Like the Cylons I finally have a plan. The project I am working on which was originally titled “Mind Bleed” and was started in October/November 2014 for the NaNoWriMo is still not finished. I had too little time to plan and that fact has come back twice to bite me. The original November draft came to about 53k words. In my ‘deleted scenes’ folder I have another 20k. The current draft begun as the first rewrite. It is now titled “The Cassandra Project” and I am just shy of crossing the 100k mark. But I am labeling the current version as the second rewrite or third draft, because when I got to about the same mark as the original draft I got stuck again. Why? The ending. What I had in mind just didn’t make any sense. And I couldn’t find a way to get there.
During our last vacation, I finally managed to get a grasp on an ending that made sense. None of my previous attempts got beyond the wishful thinking state. The current ending has an outline, drama and I am currently fixing the plot to lead to that ending. Ever since I found this ending, the story has been developing more consistently, and I had less trouble to get from “A to B” without bending plot or characters beyond the breaking point. I am sure the current rewrite will lead to my first complete draft. I am now estimating that this first complete draft will have between 120k and 150k words, depending on how much I decide to throw out. So with all the rewriting going on I have written an estimated 150k to 170k words on this project.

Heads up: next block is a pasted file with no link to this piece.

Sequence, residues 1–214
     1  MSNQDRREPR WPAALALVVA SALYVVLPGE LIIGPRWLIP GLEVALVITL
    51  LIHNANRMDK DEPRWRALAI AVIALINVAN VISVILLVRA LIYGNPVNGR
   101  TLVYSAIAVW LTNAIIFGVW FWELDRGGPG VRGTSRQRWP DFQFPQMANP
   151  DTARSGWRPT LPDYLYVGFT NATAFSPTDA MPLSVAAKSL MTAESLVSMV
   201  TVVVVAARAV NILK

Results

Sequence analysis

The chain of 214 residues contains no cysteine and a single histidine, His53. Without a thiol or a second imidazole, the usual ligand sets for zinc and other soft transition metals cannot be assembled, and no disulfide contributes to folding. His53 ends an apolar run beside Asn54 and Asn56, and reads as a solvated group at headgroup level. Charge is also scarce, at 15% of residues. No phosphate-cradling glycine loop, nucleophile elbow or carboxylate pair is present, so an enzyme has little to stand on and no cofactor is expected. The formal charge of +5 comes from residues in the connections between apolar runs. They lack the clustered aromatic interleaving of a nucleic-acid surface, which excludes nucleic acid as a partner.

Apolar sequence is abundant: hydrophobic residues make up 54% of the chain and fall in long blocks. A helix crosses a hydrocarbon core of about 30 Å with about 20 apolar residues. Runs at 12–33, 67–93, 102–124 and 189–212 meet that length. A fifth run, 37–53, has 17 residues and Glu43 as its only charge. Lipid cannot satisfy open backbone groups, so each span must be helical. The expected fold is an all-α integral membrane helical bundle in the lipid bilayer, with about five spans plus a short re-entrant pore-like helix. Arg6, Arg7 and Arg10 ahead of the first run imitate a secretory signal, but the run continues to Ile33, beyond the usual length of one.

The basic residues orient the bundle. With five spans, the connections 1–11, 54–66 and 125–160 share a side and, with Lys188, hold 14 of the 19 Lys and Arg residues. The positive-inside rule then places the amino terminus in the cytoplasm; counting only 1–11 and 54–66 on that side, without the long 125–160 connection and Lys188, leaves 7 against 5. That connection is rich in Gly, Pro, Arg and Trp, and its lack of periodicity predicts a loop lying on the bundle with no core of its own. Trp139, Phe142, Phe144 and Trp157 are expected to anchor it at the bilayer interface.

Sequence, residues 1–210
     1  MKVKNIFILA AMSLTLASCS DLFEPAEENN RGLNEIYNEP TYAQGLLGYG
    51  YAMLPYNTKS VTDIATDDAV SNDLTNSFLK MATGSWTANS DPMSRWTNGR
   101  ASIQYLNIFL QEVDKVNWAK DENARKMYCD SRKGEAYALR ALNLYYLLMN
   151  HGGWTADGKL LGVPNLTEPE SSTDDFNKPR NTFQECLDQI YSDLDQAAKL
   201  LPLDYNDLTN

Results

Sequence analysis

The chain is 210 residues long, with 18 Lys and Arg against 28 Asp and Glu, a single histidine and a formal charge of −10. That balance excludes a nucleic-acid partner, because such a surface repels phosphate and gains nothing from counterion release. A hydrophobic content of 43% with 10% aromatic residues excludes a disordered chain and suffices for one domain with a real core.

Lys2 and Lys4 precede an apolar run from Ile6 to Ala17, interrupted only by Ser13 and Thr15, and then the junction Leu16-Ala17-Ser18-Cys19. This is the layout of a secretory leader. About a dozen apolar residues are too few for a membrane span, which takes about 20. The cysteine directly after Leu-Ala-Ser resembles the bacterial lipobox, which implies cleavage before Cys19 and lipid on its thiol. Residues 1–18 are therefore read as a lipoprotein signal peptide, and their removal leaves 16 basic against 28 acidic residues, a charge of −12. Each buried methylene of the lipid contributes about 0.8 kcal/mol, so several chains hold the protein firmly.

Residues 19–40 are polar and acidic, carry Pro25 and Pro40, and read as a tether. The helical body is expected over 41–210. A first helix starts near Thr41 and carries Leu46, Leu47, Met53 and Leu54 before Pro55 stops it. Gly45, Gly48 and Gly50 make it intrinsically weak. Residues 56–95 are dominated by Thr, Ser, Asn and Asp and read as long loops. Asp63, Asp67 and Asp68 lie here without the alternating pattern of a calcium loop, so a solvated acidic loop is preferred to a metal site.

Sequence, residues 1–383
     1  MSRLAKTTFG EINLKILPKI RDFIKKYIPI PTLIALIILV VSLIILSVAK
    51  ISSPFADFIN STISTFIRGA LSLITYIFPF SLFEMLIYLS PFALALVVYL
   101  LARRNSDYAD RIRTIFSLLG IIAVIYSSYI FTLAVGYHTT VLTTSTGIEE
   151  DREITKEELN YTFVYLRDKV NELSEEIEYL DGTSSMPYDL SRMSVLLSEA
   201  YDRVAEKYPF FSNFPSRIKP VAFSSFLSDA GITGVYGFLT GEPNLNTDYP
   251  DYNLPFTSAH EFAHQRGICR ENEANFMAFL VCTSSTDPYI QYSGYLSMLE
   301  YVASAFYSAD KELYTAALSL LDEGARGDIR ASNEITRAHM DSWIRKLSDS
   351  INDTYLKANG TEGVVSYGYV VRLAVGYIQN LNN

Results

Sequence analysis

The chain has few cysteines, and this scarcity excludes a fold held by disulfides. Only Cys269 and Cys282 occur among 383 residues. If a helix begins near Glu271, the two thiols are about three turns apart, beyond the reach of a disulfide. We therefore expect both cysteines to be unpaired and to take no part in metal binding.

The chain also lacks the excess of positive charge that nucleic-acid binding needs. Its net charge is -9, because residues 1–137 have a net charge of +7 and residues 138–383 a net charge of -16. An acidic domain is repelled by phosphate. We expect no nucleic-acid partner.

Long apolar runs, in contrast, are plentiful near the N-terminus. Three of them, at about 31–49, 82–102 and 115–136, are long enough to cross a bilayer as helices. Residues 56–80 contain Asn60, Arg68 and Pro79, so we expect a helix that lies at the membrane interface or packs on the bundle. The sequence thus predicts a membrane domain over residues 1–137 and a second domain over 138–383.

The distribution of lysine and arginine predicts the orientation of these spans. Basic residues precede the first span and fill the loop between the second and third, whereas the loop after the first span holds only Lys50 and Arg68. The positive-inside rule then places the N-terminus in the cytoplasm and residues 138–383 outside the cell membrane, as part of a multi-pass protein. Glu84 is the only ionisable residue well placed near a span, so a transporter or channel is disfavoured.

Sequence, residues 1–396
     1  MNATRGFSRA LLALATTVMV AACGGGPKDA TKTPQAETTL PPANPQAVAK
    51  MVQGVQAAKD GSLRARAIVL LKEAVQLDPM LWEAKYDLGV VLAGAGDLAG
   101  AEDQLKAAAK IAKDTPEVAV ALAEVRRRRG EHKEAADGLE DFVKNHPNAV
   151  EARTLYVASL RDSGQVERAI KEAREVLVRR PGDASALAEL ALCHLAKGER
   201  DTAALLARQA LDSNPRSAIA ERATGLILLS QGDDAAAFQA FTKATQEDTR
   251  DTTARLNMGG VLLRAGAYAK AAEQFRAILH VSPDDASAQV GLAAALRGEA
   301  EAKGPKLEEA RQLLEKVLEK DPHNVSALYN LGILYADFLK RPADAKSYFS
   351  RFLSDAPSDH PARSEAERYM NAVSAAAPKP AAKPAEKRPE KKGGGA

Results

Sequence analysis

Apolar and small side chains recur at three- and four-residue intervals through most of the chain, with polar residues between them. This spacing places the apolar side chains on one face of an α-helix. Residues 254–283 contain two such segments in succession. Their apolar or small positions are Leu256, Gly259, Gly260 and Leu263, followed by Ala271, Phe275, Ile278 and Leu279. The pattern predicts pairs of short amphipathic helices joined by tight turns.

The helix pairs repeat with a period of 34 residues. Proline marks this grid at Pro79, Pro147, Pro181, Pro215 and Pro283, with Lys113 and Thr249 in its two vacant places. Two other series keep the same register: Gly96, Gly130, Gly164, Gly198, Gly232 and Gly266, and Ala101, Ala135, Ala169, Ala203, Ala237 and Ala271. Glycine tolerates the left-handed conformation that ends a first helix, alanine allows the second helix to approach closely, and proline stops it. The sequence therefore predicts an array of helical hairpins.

Just to give an overview how much that is a quote from the Hugo Award website:
Best Novel: Awarded for a science fiction or fantasy story of forty thousand (40,000) words or more.
Best Novella: Awarded for a science fiction or fantasy story of between seventeen thousand five hundred (17,500) and forty thousand (40,000) words.
Best Novelette: Awarded for a science fiction or fantasy story of between seven thousand five hundred (7,500) and seventeen thousand five hundred (17,500) words.
Best Short Story: Awarded for science fiction or fantasy story of less than seven thousand five hundred (7,500) words.
A typical young adult novel will have between 50-70k – I read those in about 4-6 hours typically. An epic fantasy comes in around 400k. Many average length novels fall into the 150-200k size. My current 99k turns out to be about 225 pages of PDF.
Before I had an ending I kept thinking that it would be so much easier to drop the whole idea and start over with something fresh. After all, I should have had a complete 1st draft in November and now it’s 8 months later and I am still not there. But then – with some help – the ending came together and things started to make sense. The characters developed independent motivations and my protagonist found herself a goal other than “react to what happens to me”. With those new character developments I am finally able to get rid of quite a few of the “how do I get them there” far-fetched scenes that sucked so much that I frequently wanted to throw my laptop out the window.
Interestingly with all the changes to the plot I kept making, and the characters changing and re-inventing themselves, what remained the same throughout is the setting. It seems to be what I first developed and had the best grasp on.
For now the writing is flowing more smoothly than ever during this whole project (except for the marathon that was the NaNoWriMo of course).